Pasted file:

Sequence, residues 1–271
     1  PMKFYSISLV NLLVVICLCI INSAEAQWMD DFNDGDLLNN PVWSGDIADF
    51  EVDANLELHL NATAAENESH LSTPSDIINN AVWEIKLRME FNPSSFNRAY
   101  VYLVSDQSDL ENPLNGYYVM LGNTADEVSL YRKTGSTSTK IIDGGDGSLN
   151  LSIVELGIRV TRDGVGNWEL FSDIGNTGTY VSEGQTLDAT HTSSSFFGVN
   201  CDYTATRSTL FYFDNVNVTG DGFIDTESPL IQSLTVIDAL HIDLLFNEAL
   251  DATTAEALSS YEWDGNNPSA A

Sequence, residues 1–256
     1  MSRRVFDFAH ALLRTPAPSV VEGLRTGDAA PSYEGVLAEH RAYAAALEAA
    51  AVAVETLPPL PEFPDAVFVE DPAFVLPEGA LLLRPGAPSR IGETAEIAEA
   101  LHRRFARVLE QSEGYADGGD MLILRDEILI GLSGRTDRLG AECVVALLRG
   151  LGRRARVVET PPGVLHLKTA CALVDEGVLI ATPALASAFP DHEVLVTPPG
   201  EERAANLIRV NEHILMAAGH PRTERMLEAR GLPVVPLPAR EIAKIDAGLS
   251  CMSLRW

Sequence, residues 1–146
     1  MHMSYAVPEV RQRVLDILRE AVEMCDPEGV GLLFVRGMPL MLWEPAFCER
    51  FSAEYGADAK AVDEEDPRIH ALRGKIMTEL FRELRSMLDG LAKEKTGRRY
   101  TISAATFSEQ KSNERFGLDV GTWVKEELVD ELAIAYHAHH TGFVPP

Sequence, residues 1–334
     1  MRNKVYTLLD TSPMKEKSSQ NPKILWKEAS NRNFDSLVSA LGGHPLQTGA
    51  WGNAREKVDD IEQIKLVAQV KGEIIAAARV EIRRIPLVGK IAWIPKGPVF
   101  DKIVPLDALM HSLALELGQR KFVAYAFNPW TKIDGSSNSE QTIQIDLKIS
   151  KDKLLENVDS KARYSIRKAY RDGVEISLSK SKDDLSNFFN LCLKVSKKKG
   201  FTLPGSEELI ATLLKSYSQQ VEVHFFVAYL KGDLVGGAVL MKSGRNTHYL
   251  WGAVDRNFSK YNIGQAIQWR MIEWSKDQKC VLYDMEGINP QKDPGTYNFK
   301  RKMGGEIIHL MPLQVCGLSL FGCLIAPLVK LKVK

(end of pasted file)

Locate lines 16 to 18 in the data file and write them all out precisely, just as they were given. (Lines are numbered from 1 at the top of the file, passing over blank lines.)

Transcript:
     1  MHMSYAVPEV RQRVLDILRE AVEMCDPEGV GLLFVRGMPL MLWEPAFCER
    51  FSAEYGADAK AVDEEDPRIH ALRGKIMTEL FRELRSMLDG LAKEKTGRRY
   101  TISAATFSEQ KSNERFGLDV GTWVKEELVD ELAIAYHAHH TGFVPP